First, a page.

SponsorHub Plays Matchmaker Between Brands and the Events They Fund

Step into most trade shows and it is easy to spot the companies that ponied up lots of cash to plaster their names all over the events. Putting a brand in front of the wrong audience, however, can be a costly waste. SponsorHub in New York has stepped in with an online marketplace to eliminate some of the guesswork when it comes to matching sponsors with events, athletes, and entertainers they want to work with.

SponsorHub’s Web portal was first made available this April, letting marketers look up opportunities to be sponsors. Information posted on the site includes testimonials from prior attendees of repeating events. Event runners can list one event per month for free or pay subscriptions for multiple listings and additional services.

Listings on SponsorHub can range from local sports teams to professional events. Stadiums can also use the site to attract sponsors who may want to fund their activities in exchange for putting brand names in front of their fans. SponsorHub, founded in 2011, takes a percentage when deals are made through the portal.

“We’re trying to be the aggregators of sponsorship,” says co-founder and CEO Robert Johnston. He says the conference and trade show business is “really old school,” but SponsorHub wants to make it easier for buyers and sellers of sponsorships to find each other via the Web.

The event listings can include images and videos to give potential sponsors a taste of the audience they might reach. The sponsorship opportunities are organized into categories that include festivals, fashion, entertainment, and automotive. Companies such as American Express, Visa, General Electric, and Silicon Valley Bank use the platform, Johnston says. “We are doing classic marketplace matchmaking with brands that have money to spend,” he says.

Johnston is the founder of New York-based The Executive Council networking club for senior executives, and is also the former executive director of the New York Venture Capital Association. He says he is using his experiences in the events and sponsorship world to grow SponsorHub.

For example, Johnston says many sponsors want to be seen as thought leaders when they back business-to-business events. They also want to access to attendee lists for potential business opportunities. “They are looking for a return on investment around lead generation,” Johnston says. “If they sponsor a conference they want to walk out of there with a bunch of good leads.”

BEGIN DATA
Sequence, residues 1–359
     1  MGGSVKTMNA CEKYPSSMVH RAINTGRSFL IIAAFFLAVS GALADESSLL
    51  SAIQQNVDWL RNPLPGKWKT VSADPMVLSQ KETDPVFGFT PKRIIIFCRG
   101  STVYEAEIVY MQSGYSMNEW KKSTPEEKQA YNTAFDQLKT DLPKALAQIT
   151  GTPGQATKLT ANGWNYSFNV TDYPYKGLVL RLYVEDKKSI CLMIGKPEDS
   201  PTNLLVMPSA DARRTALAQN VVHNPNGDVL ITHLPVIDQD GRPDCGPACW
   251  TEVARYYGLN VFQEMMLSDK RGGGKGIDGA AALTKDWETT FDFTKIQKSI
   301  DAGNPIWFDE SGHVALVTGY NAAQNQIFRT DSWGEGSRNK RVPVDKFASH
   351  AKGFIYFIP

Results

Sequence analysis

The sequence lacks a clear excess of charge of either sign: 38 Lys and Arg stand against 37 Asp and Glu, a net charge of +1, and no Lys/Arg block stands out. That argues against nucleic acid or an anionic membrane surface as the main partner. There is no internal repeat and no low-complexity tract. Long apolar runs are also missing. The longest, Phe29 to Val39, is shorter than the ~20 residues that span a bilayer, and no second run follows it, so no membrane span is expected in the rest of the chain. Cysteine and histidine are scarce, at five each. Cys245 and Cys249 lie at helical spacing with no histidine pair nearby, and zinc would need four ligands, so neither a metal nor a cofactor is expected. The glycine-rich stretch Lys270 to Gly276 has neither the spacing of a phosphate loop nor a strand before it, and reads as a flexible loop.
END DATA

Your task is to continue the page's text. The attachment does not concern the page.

To make it easier for marketers and brands to decide where to put their sponsorship dollars, SponsorHub developed a ranking system that takes into account such details as the demographics of the audience as well as the social influence of the events.

Andrew Reid, co-founder and chief technology officer of SponsorHub, says by collecting social media data and other analytics from various sources, the company created an algorithm to score events, athletes, and entertainers in terms of their reach.

“We’ve taken things like the Klout score and raw social media inputs from Twitter, Facebook, Pintererst, and YouTube,” Reid says. The on-field performances of athletes, aggregated from data sources such as Bloomberg and ESPN, are also factored in. Armed with such information from the SponsorHub platform, he says marketers can get a clearer idea about what they are investing in.

Marketers may also find lower cost ways reach their desired audience through the platform, Reid says. High profile events such as the South by Southwest (SXSW) festivals or the Super Bowl offer sponsors chances to reach massive audiences, but at relatively high cost, while competing in a crowded field of pitches. SponsorHub, says Reid, can help marketers put together packages of smaller, targeted events that may cost less and may collectively have reach comparable to a single, major event. “There are much more efficient ways to purchase many of these sponsorships,” Reid says.

Johnston, an investor in Klout, says SponsorHub has thus far raised $750,000 in a seed round last fall from backers that include Quotidian Ventures, Vision Ventures, SecondMarket’s CEO Barry Silbert, and other angel investors. It is too soon, says Johnston, to determine if SponsorHub will pursue more funding to scale up.

The company is exploring the possibility of listing other types of sponsorship opportunities beyond events, celebrities, and athletes. Johnston says he also wants to build up his team to operate in major geographic markets to better serve brands that are eager to reach more potential customers. “Sponsorship is that moment when they get face-to-face with the audience,” he says.

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One response to “SponsorHub Plays Matchmaker Between Brands and the Events They Fund”

  1. GZimmerman says:

    This is a great platform for marketers to get matched up
    with the right type of sponsorship. Sponsorships can be expensive, so picking
    an event that won’t provide a brand with the desired exposure can be a waste of
    time and money. This is an effective tool to help spread brand awareness. http://bit.ly/Qy62pL